Have you seen a diagram of the small intestine lately? If not, take a peek at the one below and you’ll see why modern endoscopic procedures have had a difficult time getting a good look at the interior of the small intestine.
It’s a long and winding road to say the least, which makes the small intestine more challenging to view via standard endoscopy technology. For decades, GI doctors wished there was a magic pill patients could swallow so we could see the interior of this vast organ (about 23 feet in total length!!).
PillCam Capsule Endoscopy Allows Visual Access to the Small Intestine
Now, with new PillCam Capsule endoscopy, our wish has been granted. PillCam offers several advantages like:
- Being able to access regions of the GI tract that are difficult or impossible to access via endoscopy, as well as the esophagus, stomach and colon.
- The ability for patients to participate in GI imaging without the need for sedation or invasive procedures
- Detecting inflammation and/or digestive disorders more accurately.
What is the PillCam?
Capsule endoscopy uses a vitamin-sized pill containing video chips (these are one or two cameras inside, depending on the procedure), a light bulb, a battery and a transmitter. As the pill makes its way through your esophagus, stomach, small intestine and colon, it takes a continuous stream of pictures. These pictures are transmitted wirelessly to a receiver worn by you for the duration of the capsule’s journey – typically about eight hours.
Eventually, the capsule is passed, via your stool, and into the toilet. There is no need to retrieve it as it can be safely flushed away.
In the meantime, the images captured by the receiver will be downloaded in your doctor’s office for review. We use the information to detect digestive issues in the esophagus, stomach and small intestine. Although we will gain images of the colon, PillCam technology is not yet approved by the FDA for direct visualization of the colon mucosa.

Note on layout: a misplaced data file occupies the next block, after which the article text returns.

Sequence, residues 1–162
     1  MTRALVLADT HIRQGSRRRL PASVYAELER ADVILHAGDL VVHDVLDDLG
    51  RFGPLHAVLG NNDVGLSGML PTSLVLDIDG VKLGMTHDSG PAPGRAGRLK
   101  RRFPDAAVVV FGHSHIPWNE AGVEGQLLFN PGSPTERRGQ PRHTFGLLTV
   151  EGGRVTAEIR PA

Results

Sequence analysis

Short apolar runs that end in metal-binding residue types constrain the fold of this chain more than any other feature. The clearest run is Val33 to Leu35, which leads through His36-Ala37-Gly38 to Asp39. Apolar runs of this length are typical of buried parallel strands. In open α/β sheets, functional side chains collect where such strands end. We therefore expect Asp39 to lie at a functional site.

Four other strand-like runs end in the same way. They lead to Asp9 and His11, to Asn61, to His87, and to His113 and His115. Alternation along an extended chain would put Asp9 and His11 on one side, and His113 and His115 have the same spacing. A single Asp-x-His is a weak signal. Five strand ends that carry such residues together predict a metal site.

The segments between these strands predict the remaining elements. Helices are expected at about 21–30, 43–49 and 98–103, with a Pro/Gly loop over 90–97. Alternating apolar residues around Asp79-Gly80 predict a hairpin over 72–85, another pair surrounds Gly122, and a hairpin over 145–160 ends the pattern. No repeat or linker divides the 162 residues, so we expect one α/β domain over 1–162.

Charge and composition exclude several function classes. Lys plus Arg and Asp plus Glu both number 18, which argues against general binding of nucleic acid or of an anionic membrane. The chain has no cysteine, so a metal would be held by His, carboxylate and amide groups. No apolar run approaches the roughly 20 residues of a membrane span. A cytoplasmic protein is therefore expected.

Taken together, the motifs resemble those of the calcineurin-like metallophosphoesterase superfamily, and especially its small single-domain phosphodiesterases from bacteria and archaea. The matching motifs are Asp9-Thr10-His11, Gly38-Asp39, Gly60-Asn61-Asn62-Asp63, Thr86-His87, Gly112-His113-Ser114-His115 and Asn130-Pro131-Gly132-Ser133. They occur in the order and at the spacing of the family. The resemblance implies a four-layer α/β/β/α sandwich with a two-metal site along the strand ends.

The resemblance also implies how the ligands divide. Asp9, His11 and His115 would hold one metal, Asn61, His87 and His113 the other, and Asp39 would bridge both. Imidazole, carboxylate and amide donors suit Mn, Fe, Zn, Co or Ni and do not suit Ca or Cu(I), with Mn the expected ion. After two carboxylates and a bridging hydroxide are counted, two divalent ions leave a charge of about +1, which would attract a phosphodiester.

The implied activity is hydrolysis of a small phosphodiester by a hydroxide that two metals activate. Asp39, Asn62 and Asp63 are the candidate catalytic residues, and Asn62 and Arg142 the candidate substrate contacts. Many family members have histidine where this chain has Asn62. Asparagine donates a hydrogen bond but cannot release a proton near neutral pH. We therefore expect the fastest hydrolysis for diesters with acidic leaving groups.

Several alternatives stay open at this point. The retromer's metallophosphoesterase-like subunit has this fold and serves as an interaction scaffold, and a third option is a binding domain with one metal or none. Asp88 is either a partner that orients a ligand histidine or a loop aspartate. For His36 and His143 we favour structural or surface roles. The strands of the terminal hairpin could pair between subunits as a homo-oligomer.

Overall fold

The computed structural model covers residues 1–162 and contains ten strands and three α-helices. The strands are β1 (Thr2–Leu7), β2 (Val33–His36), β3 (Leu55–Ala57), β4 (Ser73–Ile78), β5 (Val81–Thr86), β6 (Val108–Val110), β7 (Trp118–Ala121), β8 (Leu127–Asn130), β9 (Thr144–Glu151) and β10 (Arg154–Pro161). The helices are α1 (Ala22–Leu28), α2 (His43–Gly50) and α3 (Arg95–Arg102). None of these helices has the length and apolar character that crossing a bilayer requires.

What Will the Capsule Endoscopy Procedure Find?
There are all kinds of things we can see by reviewing the images provided during your capsule endoscopy. These include things like:
- The cause of intestinal bleeding. If you have unexplained bleeding in your intestinal tract, often detected via blood in your school, imaging technology can help us detect the source so we can apply the best method of treatment.
- Diagnosis of inflammatory diseases. Inflammatory diseases, like Crohn’s disease, used to be diagnosed via a process of exclusion. Now, technology like the capsule endoscopy allows us to make a more concrete assessment of chronic GI inflammation.
- Cancer detection. Any tumors or potential cancerous lesions or growths in the GI tract may show up in the pictures. If so, we can go from there to schedule a biopsy and/or removal of the tissue in question if that seems necessary.
- Celiac disease diagnosis. Because the pill is traveling via the same path as potentially offending gluten, we can use the PillCam to see how gluten affects your digestive tract, which can lead to more accurate diagnosis of celiac disease. It can also prevent the misdiagnosis of celiac disease, freeing us up to seek the true cause of existing digestive complaints or food sensitivities.
- Polyp screening. Many studies have shown a link between polyps and eventual cancer growth. If you have a medical history of polyps or an inherited syndrome that causes polyps, we may choose to use capsule endoscopy to keep a better eye on things.
- Get a second look. Sometimes, the results from a previous test or endoscopic procedure are “unclear” or “inconclusive.” Rather than scheduling another round of invasive endoscopy, we can use capsule endoscopy to get a more comfortable second look.
While capsule endoscopy doesn’t require sedation, it still requires the same cleansing preparations required for other endoscopic procedures – including fasts and purging.
The Limitations to Capsule Endoscopy
Due to the nature of the technology, there are some limitations of capsule endoscopy. Sometimes we aren’t able to see the images very clearly, depending on the speed the capsule is traveling when it takes the pictures. On the flip side, if the capsule moves more slowly than normal, the battery can run out at the 8-hour mark – leaving us with incomplete images. Also, we can’t always tell exactly where in the small intestine a particular issue lives, so that can make it difficult to locate if we need to perform more invasive or surgical procedures for treatment.
If the GI tract has obstructions and/or scar tissue (strictures), the capsule can potentially get stuck, requiring surgical removal. This is very rare, however. If we suspect you have strictures or obstructions that will limit capsule movement, we give you a dissolvable, dummy capsule first. If the dummy capsule gets stuck, we can locate it via X-ray and note the location of the stricture without any complications. It will dissolve and be absorbed by the body within a few days.
In the big picture, the continuing development of capsule endoscopy technology will continue to improve our ability to accurately diagnose and treat gastrointestinal disorders using the least invasive methods possible.
Contact Dr. Marcus’s office to learn more or to see whether you’re a good candidate for PillCam capsule endoscopy.